It has been helpful for me to think of the "Trinity" (three persons in one being) as a solution to this "problem", that people saw that the scriptures talk of "one eternal God", and yet also that not only the Father was God, but Christ was God and fully divine, as well as the Holy Spirit. It seems that the Trinity was simply a solution for people who were afraid that worshipping three Gods, when the scriptures also clearly say that they are, or there is, "one God", would be polytheism. But Latter-day Saints also recognize the Father, Son, and Holy Ghost as one "God"--or the Godhead--without feeling there is a polytheism problem. Since all three of them are united as one in practically every way (except physically), we have no problem in thinking of them as "one eternal God" in three persons.

We even take it one step further and really believe that the Bible means what is says when Christ prays to His Father for his disciples, that "they all may be one; as thou, Father, art in me, and I in thee, that they also may be one in us" (John 17:21). What mercy and blessed grace indeed! Through the atonement of Christ, He will make us divine and change our natures so that we can be at one again with God, just as Christ is one with God. Yes, the word gospel means good news, and this is most definitely "good news"! What a testament to the power of the atonement of Jesus Christ!

Friday, October 3, 2008

"How Wide the Divide?"

I can't say enough great things about the book "How Wide The Divide?", and how I think it should be an absolute required read for any Evangelical and for every Latter-day Saint. For me, it has been a watershed experience in terms of interfaith understanding and dialogue. Things that I've recently learned about Evangelicals have been made more clear, and parts of past conversations that I've participated in which perplexed me now make much more sense. The book has been out for ten years, but the time was ripe for me to read it now that I've taken up an interest in interfaith dialogue and mutual understanding. It's been a fascinating read, and one of my favorite books I've read in a long time.

LDS Christians should read it so that we're all on the same page, and Evangelical Christians should read it to better understand the facts of what we do and do not believe. Both "sides" should read it to better understand each other and to recognize where we actually, and perhaps surprisingly, agree, and where we indeed have disagreements. Sometimes what is understood by what we say isn't exactly what we mean, since we use different theological vocabularies. This is a step toward becoming theologically "bilingual". I highly recommend, if you haven't done so already, that you get this book! If you have already read it, what are your thoughts? What has been your experience since reading it?

Wednesday, October 1, 2008

A Different Jesus?

I made a post about this stinging question some time ago (Worshiping Jesus differently does not equal "a different Jesus") but I like the way Stephen Robinson puts it much better:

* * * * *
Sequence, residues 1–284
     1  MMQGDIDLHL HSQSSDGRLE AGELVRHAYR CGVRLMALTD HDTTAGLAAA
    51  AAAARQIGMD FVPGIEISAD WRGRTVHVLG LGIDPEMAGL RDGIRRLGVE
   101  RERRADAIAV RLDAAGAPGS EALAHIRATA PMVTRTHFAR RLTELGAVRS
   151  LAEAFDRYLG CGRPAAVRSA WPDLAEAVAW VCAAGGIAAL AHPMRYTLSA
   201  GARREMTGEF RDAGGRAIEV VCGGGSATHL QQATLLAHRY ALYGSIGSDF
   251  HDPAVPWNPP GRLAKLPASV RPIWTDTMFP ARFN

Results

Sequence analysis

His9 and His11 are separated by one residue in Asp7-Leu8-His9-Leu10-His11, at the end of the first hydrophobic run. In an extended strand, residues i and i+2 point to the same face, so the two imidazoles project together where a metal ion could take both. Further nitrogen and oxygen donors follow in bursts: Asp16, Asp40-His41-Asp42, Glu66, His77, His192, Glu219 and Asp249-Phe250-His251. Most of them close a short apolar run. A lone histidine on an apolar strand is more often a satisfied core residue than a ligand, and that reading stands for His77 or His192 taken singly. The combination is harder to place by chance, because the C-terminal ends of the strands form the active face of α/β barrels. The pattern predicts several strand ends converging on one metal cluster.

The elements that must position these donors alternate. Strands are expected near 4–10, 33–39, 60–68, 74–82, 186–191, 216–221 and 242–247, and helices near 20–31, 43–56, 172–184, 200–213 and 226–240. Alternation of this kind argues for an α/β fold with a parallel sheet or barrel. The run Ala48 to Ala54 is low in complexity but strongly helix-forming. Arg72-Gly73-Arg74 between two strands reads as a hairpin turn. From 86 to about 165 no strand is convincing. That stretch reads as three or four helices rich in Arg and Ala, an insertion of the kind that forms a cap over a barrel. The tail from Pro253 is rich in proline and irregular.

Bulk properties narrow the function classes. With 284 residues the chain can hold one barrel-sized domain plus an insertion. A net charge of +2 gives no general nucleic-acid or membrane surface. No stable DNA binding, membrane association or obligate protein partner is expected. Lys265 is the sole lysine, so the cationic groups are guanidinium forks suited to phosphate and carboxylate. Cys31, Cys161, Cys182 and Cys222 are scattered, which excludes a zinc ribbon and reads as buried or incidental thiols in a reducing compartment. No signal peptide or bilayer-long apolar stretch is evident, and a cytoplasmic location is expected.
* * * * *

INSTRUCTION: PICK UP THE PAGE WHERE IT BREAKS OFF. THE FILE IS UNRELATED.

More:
"Evangelicals often accuse Latter-day Saints of worshipping a 'different Jesus' because we believe some things about Jesus that cannot be proven from the Bible. However, I would point out that John thought Jesus was crucified the afternoon before Passover (John 19:14; 18:28), so that the Last Supper was not the Passover meal, while Matthew, Mark and Luke say Jesus ate the Passover with the disciples and was crucified the morning after (Mark 14:12, Matthew 26:17-19; Luke 22:13-15). Is John (or the Synoptics) writing about a 'different Jesus,' or do they simply disagree on the details concerning one Jesus?

If some Christians think Jesus had siblings and other Christians think that he did not, or if some think he stayed in Egypt for years while others think it was merely for weeks or months, do they worship different beings? If I think Jesus liked his veggies and you think he didn't, are we therefore talking about two different people? Some Evangelicals, like the Mormons, do not accept the Nicene and Chalcedonian definitions, I am told, but limit their Christology to the New Testament data. Do these people also worship 'a different Jesus' than other more creedal Evangelicals, and are they therefore not Christian?

This charge, that people worship 'a different Jesus' if they disagree over any detail of his character or history, is simply a rhetorical device, a trick of language. All I can say to it is that Latter-day Saints worship that divine Son of God of whom the apostles and prophets of the Old and New Testaments bear record, and we believe all that they have to say about him. There is no biblical information about the Son of God that the Latter-day Saints do not affirm. If Evangelicals truly worship 'a different Jesus' than this, I shall be greatly disappointed." (Stephen E. Robinson, "How Wide The Divide?")